Merrian-Webster defines an interface as:
1 : a surface forming a common boundary of two bodies, spaces, or phases <an oil-water interface>
2 a : the place at which independent and often unrelated systems meet and act on or communicate with each other <the man-machine interface> b : the means by which interaction or communication is achieved at an interface
I think that most people, myself included, first think about an interface as some physical boundary or border. And, that makes sense, because it is much easier to a uderstand a system where you can see all the inputs and outputs. A static structure like a bridge, for example, has inputs in the form of loads on the bridge and outputs in the form of the support it provides.
An example to take a look at is the collapse of the I-35W bridge in Minnesota. The NASA Safety Training Center put out a brief and accessible case study that you can find here.
The report states that the proximate cause of the steel truss bridge failure was the gusset plates at the nodes of the beams. These plates were only half as thick as they should have been based on the original design and anticipated loading. The original model also assumed that the gusset plates were stronger than the beams themselves. Over the course of the years, the bridge's dead load increased due to various maintenance and renovation activities. Even though regular inspections were performed, the gusset plates were reportedly not scrutinized as closely as the beams, because of the assumption that the plates are stronger than the beams. Ultimately, one plate fractured, the beams connected at those nodes shifted, and the structure failed.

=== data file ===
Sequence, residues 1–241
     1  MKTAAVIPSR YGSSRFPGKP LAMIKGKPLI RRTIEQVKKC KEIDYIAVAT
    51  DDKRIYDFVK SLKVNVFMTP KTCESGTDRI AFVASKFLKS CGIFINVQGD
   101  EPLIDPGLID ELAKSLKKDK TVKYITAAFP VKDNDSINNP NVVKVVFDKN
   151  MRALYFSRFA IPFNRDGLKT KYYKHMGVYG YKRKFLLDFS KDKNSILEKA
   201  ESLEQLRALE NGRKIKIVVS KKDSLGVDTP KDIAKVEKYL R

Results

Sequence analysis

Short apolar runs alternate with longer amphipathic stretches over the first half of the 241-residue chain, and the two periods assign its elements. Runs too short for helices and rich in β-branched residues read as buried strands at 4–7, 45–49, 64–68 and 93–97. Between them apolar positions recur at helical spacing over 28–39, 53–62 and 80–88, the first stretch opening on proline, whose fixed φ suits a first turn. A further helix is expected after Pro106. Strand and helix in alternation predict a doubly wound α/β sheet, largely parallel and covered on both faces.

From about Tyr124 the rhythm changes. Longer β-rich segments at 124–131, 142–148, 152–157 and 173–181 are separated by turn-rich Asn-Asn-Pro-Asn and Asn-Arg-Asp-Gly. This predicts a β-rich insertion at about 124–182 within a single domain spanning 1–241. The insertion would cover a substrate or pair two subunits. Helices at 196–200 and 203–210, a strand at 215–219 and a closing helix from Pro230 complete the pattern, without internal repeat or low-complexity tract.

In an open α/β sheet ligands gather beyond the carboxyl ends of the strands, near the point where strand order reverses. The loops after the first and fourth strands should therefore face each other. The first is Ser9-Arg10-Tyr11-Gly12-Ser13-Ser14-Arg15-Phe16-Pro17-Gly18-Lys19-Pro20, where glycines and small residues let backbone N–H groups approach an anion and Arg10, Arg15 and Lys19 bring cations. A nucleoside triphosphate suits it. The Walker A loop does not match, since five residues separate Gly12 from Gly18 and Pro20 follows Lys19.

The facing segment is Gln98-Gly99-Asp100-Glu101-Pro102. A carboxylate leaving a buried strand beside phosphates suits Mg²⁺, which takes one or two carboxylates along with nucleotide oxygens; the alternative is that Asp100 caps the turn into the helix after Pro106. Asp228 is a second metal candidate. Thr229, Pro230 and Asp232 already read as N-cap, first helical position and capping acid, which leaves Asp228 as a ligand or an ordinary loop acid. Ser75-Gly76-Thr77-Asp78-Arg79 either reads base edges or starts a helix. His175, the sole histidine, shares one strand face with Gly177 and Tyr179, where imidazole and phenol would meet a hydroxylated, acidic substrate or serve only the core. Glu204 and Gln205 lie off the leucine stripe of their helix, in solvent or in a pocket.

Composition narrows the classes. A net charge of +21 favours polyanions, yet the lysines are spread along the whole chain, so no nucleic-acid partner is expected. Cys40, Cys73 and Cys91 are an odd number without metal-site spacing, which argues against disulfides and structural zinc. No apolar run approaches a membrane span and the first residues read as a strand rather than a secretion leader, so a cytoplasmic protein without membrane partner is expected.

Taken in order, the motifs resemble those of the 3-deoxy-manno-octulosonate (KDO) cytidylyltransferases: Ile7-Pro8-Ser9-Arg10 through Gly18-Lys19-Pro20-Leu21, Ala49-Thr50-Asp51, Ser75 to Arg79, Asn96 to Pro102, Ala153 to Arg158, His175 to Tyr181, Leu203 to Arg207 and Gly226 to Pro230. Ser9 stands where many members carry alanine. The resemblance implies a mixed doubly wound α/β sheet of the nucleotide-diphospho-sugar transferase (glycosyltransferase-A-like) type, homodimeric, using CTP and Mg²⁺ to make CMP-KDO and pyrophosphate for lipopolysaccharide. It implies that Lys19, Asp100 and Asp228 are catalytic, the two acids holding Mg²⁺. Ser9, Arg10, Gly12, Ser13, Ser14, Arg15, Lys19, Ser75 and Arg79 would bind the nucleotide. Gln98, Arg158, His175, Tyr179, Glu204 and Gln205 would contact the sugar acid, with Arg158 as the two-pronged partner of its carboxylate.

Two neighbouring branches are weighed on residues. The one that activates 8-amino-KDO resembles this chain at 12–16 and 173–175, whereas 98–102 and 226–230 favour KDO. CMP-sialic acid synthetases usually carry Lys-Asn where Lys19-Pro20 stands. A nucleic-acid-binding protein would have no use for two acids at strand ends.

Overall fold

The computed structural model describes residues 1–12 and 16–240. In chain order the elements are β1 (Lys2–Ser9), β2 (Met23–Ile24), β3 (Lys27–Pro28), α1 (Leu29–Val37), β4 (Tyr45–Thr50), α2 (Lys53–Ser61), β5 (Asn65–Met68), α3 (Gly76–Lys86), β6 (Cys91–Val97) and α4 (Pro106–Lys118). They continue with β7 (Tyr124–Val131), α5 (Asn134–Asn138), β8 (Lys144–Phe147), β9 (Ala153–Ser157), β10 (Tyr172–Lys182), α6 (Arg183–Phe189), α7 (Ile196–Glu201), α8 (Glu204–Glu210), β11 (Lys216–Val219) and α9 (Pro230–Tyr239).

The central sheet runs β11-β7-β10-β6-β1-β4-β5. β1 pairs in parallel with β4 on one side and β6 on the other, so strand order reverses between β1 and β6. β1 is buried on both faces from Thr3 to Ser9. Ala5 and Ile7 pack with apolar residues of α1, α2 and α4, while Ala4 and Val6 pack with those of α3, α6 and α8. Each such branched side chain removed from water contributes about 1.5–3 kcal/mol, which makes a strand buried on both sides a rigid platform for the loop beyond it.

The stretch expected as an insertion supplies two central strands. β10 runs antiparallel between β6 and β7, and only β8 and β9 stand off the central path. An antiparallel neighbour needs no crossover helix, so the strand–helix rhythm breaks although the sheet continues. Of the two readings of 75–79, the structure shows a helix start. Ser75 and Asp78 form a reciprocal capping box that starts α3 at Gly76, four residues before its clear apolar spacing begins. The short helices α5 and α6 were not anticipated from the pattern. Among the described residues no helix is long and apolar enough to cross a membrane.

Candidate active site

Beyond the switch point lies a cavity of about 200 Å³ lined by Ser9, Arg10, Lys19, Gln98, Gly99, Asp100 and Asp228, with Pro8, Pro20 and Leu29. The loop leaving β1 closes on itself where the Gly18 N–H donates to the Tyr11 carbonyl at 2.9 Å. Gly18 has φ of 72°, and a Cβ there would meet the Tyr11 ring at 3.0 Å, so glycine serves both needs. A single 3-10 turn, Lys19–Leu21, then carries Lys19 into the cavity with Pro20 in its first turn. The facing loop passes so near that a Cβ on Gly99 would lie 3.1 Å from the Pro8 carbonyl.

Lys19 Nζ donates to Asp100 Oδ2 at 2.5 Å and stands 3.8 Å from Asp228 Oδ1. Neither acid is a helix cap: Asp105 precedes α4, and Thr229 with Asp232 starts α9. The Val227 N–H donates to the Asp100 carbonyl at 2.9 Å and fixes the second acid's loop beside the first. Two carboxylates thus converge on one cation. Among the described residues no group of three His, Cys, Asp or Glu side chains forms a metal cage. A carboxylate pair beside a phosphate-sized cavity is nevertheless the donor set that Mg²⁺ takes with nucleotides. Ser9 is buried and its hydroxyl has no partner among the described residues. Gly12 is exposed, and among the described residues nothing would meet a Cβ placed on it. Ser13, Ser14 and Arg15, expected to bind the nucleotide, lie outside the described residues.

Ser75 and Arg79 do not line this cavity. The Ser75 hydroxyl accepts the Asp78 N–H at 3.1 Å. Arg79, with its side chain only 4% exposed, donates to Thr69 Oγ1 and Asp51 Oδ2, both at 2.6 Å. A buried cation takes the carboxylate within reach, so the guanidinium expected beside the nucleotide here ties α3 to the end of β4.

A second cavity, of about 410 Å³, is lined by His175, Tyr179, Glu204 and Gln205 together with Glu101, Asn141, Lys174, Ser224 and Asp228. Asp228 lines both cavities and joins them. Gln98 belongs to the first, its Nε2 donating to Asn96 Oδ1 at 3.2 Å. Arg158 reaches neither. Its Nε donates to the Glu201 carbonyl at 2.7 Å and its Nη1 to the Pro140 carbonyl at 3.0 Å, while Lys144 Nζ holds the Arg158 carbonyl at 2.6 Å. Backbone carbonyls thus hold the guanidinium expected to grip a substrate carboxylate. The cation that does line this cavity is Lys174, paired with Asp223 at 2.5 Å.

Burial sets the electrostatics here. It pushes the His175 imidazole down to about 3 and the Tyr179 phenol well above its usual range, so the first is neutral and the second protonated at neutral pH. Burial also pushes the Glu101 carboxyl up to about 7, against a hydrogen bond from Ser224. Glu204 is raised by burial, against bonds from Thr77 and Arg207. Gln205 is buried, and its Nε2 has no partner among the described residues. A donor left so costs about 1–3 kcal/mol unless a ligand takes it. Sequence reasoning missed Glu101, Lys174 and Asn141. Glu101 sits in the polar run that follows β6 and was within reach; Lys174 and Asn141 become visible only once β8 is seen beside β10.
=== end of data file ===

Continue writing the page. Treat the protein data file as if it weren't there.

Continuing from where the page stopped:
This is a good physical example of a physical failure at a boundary (between the beams and gusset plates), but can also be looked at from a systems perspective as far as transition between the system life-cycle phases, from design to long-term maintenance. More on this later.